Collaborative Coaching

The practitioner (teacher leader, principal, district administrator) engages in powerful, collaborative, and self-initiated coaching for the purpose of improved teaching and learning.
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Graduate-level credit is available for this micro-credential. You can apply for credit through one of our university partners after successfully completing the micro-credential.
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About this Micro-credential

Key Method

The practitioner engages in self-initiated and collaborative coaching with a coach who may be a peer, supervisor, or other colleague/administrator to reflect on evidence of practice and develop a plan for improved practice and performance.

Method Components

What is Collaborative Coaching?

Coaching, as referred to in this micro-credential, is not the role of instructional coach, but is collegial, partnership coaching in which the coaching is voluntary and is focused on the improvement of professional practice that impacts teaching and learning.

Components of Collaborative Coaching

There are four key practices critical to this type of voluntary, collaborative, and self-initiated coaching:

  1. Establish trust and maintain equality in a self-initiated collaborative coaching relationship
  2. Engage in growth-focused observations and dialogue
  3. Provide evidence-based graphic feedback
  4. Reflect collaboratively and plan action

1. Establish trust and maintain equality in a self-initiated collaborative coaching relationship

Carl Rogers and Richard Farson (2015) posed that effective communication can only take place in a nonthreatening environment: "The climate must foster equality and freedom, trust and understanding, acceptance and warmth. In this climate and in this climate only does the individual feel safe enough to incorporate new experiences and new values into his concept of himself" (p.281). The carrot and stick may, on occasion, prod people to meet minimum standards and expectations, but only high-trust connections can inspire greatness (Tschannen-Moran, 2010). Working relationships between adults work best in adult-to-adult interactions (Knight, 2011). In this key component, the practitioner demonstrates the ability to create a safe and supportive self-initiated collaborative coaching relationship that produces ongoing mutual respect, openness, and trust. The practitioner exhibits behaviors and dispositions that support collegial conversations such as confidentiality, kindness, and respect. Coaches see their colleagues as equals, listen much more than they talk, carefully consider everything the colleague says, and position the colleague as judge and decision maker.

2. Engage in growth-focused observations and dialogue

To arrive at decisions and actions that will impact professional practice, the partners in coaching engage in dialogue. Joyce and Showers (2002) stressed the importance of non-evaluative feedback by encouraging coaches to focus their feedback on inquiry rather than evaluation. In this relationship, one party does not impose, dominate, or control. Both parties engage in conversation about evidence and artifacts and think and learn together. Observation and examination of "artifacts" focus on specific aspects of educator growth and student achievement that provide high leverage for improving professional practice and student learning.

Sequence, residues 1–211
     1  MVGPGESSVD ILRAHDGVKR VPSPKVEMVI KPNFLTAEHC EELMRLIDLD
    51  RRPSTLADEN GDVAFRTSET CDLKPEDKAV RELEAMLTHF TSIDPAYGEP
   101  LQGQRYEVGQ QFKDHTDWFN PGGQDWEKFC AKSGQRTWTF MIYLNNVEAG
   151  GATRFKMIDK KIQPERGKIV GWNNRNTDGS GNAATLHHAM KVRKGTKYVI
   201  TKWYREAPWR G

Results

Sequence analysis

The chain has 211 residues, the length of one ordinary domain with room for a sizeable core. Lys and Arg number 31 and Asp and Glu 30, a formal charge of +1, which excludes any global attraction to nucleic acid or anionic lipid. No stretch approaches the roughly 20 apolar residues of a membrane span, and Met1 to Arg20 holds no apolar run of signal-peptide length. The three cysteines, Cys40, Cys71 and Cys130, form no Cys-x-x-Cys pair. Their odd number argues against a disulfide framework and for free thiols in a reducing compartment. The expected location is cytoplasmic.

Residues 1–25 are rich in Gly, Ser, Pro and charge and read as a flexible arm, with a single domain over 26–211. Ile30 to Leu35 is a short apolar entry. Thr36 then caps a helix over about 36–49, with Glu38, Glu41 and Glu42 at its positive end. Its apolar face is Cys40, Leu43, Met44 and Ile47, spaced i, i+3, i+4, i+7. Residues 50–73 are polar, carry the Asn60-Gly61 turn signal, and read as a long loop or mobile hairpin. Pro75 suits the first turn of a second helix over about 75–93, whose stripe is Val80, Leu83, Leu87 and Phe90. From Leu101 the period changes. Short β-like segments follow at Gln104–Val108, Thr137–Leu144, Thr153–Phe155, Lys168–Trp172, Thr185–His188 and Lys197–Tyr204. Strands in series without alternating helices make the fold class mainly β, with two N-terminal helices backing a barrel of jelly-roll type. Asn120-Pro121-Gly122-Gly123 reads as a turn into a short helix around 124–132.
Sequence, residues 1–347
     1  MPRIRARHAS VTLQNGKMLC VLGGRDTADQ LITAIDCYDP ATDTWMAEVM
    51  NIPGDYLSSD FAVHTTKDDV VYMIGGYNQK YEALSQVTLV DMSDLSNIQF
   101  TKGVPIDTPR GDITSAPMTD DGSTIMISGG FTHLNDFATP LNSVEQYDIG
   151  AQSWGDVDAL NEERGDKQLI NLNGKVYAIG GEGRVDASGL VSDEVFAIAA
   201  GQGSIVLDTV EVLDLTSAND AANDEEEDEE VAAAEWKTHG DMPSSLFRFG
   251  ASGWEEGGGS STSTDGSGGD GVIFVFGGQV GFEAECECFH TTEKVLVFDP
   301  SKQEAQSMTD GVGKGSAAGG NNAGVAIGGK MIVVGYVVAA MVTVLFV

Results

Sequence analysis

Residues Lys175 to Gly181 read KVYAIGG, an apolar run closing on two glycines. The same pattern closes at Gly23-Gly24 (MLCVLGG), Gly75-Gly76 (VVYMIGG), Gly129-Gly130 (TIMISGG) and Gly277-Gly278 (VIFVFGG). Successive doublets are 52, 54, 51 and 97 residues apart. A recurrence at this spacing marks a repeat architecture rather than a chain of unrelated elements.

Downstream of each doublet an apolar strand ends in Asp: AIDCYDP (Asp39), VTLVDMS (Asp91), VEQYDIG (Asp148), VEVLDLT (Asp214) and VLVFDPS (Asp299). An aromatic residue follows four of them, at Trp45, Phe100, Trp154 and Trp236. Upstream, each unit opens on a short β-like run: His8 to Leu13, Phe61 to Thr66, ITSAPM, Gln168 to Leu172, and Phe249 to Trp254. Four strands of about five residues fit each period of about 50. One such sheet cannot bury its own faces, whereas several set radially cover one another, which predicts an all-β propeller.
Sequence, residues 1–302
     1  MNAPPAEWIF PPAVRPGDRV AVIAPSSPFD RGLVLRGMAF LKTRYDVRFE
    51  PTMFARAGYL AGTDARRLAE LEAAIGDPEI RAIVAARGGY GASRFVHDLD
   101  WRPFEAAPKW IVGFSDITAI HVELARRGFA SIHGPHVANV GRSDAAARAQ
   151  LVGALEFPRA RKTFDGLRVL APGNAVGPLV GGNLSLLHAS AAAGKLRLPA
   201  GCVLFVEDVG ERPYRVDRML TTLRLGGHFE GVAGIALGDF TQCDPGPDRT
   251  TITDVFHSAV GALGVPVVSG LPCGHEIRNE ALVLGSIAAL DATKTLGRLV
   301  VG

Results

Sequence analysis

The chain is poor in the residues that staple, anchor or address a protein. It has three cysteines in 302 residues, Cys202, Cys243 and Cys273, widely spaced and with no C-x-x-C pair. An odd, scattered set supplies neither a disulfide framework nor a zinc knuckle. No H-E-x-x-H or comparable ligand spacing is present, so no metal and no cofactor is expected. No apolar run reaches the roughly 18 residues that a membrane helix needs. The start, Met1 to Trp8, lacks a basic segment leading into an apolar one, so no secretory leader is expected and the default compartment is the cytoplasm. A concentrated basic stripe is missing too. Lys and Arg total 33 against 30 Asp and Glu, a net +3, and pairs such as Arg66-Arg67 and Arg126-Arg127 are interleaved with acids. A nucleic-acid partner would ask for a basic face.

Active listening is an important component of dialogue.

Tips for Active Listening:

  • Don't interrupt.
  • Test your understanding by paraphrasing or summarizing what you have heard before you respond.
  • Reflect what has been said by paraphrasing. "What I'm hearing is…" and "Sounds like you are saying… " are great ways to reflect back.
  • Ask questions to clarify certain points or confirm your understanding. "What do you mean when you say…" "Is this what you mean?"
  • Summarize the speaker's comments periodically
  • Use silence. Refrain from talking every time there's a lull in the conversation.

It is important to engage in preplanning dialogue prior to observation to establish the focus of the coaching. Some sample questions might include:

  • What do you want to focus on in our observation or dialogue?
  • Where are you now in relation to what you need to achieve?
  • What is currently happening that you want to change?
  • What is the desired end goal?
  • What does success look like?
  • What are you hoping to achieve? What is the desired impact?

3. Provide evidence-based graphic feedback

Evidence comes from two critical sources: direct observation and the examination of artifacts (Danielson, 2007). It is important to establish through dialogue what the coaching focus is prior to gathering evidence or providing feedback. Questions to ask during this focus-setting dialogue might be: "How can I be of help to you?" "What specifically do you wish me to look for?" and "Is there a particular behavior or standard you wish me to look for?"

Feedback in this type of coaching relationship does not include statements such as "you should have…" or "I would never…" Instead, feedback is centered on the pre-identified area of focus and the coach is another set of eyes to capture evidence and data related to current practice.

Areas to Consider:

  • Avoid evaluative language that provides a value judgment:
    • "Your lesson/presentation seemed a bit boring since your students/participants were not engaged"
  • Avoid giving advice and calling it feedback:
    • "I think you should use some essential questions when setting up your lesson activity or presentation to ensure students/participants are clear on the important concepts."
    • "I would not have scored the teacher's lesson as exemplary."